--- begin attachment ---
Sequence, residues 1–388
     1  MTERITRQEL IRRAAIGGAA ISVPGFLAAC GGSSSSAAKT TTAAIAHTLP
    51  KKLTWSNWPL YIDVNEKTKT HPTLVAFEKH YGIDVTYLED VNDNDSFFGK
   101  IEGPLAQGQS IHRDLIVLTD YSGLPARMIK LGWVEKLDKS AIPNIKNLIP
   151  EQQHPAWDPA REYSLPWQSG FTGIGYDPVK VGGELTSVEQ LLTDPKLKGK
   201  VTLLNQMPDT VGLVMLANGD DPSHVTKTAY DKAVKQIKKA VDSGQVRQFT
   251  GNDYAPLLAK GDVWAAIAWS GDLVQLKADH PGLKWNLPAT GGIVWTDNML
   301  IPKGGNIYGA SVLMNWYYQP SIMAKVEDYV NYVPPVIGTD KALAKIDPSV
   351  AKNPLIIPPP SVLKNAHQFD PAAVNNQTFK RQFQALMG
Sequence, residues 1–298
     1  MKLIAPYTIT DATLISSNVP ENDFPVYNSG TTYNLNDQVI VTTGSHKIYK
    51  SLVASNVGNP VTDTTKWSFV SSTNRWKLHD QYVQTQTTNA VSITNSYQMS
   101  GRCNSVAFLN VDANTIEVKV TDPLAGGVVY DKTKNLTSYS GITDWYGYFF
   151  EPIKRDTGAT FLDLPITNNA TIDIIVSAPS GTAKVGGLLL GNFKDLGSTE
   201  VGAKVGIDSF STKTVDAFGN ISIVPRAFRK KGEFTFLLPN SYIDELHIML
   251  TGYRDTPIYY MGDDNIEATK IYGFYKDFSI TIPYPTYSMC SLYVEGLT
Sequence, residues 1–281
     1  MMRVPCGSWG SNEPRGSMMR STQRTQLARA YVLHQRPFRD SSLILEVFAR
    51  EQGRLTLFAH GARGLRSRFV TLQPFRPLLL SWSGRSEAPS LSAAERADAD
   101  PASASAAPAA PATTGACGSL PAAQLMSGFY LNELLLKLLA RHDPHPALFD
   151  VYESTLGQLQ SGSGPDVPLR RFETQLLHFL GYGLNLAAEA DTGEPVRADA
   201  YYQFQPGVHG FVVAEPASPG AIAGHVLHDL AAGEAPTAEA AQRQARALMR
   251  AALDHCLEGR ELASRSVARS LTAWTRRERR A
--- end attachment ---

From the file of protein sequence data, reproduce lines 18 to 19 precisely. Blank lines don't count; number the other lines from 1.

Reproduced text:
     1  MMRVPCGSWG SNEPRGSMMR STQRTQLARA YVLHQRPFRD SSLILEVFAR
    51  EQGRLTLFAH GARGLRSRFV TLQPFRPLLL SWSGRSEAPS LSAAERADAD